One thing that should be universally true though is that the content should focus on symptoms, not solutions. Patients should be given cursory knowledge of a particular disease state that includes the basic signs of that disease, ways to avoid that disease through lifestyle changes, and ways to naturally manage the disease- if possible.
The content should not be telling patients about the treatments for the disease states. That is the providers’ job. One of the reasons there was such an overhaul of the way pharmaceutical companies reach healthcare professionals was because they were influencing the provider’s decision making. How is a patient coming in after watching programming in your office and self-diagnosing a disease and asking for a specific solution not the same thing?
True patient education should focus on your staff, your services, your community involvement, your treatment philosophy, and general health and wellness advice from credible sources like the AHRQ, AMA, ADA, and other associations that dedicate millions of dollars to impartial research. It should educate, engage and empower the patient to know they are going to get the best care for their healthcare providers and that by being an active participant, they will together achieve good results.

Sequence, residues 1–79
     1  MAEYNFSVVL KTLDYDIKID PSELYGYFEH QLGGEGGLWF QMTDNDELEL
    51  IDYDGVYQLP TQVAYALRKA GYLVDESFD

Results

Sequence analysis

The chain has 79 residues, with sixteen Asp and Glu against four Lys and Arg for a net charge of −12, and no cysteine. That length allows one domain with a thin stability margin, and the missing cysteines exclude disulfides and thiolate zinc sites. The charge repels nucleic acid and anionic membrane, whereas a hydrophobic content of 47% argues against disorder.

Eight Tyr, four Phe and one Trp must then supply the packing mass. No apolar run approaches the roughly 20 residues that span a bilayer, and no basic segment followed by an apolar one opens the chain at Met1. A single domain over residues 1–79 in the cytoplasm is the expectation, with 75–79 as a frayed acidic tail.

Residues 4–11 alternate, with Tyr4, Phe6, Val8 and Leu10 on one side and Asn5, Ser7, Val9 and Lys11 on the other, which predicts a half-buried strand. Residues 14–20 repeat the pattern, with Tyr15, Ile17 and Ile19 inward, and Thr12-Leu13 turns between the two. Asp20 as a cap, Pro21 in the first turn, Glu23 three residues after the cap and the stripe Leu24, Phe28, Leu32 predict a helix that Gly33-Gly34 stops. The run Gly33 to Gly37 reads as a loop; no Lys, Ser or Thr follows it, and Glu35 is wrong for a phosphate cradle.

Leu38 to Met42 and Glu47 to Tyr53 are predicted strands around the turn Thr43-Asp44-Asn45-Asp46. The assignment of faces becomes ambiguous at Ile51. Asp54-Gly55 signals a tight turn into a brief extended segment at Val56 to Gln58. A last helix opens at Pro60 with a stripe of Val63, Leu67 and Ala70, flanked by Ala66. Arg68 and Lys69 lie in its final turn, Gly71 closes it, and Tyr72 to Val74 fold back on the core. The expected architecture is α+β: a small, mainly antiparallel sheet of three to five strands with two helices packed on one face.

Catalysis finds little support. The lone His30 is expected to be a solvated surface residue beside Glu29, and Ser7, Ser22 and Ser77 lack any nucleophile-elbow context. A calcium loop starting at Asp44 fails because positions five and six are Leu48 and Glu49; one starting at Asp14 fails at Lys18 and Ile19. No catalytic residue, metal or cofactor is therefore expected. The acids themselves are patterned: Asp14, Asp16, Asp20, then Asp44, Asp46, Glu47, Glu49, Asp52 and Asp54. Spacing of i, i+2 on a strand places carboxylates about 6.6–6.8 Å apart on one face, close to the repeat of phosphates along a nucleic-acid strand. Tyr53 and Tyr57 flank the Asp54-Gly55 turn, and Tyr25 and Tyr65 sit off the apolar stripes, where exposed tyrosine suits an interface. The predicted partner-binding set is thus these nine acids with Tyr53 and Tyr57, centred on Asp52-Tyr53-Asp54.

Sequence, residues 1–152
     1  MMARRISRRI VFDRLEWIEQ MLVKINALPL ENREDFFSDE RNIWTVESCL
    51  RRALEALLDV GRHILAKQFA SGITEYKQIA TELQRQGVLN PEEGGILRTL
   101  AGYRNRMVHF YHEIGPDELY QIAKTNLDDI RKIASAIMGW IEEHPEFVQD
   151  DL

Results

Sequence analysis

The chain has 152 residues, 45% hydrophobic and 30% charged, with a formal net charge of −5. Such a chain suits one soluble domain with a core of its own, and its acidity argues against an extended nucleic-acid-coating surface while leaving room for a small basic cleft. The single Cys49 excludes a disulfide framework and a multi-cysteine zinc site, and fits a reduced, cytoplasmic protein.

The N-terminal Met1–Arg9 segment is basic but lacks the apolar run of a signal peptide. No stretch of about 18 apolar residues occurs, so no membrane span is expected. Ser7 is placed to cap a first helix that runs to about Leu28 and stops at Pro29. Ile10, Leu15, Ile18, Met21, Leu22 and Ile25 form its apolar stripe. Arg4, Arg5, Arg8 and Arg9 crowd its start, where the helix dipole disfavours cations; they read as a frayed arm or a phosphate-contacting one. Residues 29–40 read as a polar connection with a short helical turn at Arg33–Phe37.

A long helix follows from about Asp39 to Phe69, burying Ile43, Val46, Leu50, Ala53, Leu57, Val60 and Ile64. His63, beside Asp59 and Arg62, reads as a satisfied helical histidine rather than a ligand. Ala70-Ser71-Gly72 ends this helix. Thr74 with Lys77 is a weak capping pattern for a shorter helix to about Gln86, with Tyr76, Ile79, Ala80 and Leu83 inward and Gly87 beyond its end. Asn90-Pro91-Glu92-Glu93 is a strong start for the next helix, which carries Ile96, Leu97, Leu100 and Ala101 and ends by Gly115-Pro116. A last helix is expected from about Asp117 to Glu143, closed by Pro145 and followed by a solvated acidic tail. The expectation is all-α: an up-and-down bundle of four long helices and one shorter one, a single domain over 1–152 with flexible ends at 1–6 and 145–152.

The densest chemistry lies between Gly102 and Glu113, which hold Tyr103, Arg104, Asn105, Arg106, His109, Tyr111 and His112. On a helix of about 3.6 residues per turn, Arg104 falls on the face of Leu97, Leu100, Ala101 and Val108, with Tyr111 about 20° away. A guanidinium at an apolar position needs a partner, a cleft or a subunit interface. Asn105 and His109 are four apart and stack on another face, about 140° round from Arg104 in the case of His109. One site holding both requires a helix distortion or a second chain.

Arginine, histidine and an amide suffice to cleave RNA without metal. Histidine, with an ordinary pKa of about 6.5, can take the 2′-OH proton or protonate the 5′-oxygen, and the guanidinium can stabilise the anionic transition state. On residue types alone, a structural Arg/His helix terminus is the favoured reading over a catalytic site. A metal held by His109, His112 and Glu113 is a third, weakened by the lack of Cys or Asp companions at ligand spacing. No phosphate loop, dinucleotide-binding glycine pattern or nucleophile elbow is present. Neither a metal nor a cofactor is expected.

If you have a free system, ask yourself why they gave it to you for free. If you were not part of a beta test to make sure the technology worked, it was because your patients fit the profile of the drugs they are looking to sell.
Contact me at firstname.lastname@example.org or (856) 520-8655 to discuss how you can get a real patient education system sponsored only by you.